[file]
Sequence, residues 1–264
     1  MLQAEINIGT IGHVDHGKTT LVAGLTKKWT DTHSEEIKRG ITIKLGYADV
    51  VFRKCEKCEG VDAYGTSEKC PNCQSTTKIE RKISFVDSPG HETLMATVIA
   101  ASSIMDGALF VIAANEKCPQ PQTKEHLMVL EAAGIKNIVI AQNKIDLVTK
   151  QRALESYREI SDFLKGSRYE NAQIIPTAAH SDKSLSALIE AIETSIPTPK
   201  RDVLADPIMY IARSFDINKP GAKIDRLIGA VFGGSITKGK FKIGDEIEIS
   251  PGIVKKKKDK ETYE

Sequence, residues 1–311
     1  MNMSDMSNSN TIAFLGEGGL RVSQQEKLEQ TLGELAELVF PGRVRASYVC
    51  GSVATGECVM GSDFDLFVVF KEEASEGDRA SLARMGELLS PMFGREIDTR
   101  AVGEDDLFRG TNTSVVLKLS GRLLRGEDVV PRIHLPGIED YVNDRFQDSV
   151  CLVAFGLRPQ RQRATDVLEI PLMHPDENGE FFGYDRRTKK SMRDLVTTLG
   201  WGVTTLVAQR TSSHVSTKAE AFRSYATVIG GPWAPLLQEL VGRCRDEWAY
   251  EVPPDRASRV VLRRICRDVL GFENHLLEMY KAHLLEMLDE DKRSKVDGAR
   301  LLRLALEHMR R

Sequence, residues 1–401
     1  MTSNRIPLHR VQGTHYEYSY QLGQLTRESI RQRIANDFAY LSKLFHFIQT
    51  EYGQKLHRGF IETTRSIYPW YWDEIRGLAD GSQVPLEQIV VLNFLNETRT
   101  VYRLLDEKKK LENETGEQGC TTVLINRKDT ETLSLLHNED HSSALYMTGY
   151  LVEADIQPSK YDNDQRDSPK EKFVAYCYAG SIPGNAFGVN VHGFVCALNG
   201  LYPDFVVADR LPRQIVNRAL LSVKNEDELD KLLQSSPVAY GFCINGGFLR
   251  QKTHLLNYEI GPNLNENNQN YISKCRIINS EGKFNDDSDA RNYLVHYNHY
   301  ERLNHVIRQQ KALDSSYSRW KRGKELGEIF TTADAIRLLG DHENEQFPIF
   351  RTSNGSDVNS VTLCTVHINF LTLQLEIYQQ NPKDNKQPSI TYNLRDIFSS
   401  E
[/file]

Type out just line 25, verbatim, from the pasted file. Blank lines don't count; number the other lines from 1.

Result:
   401  E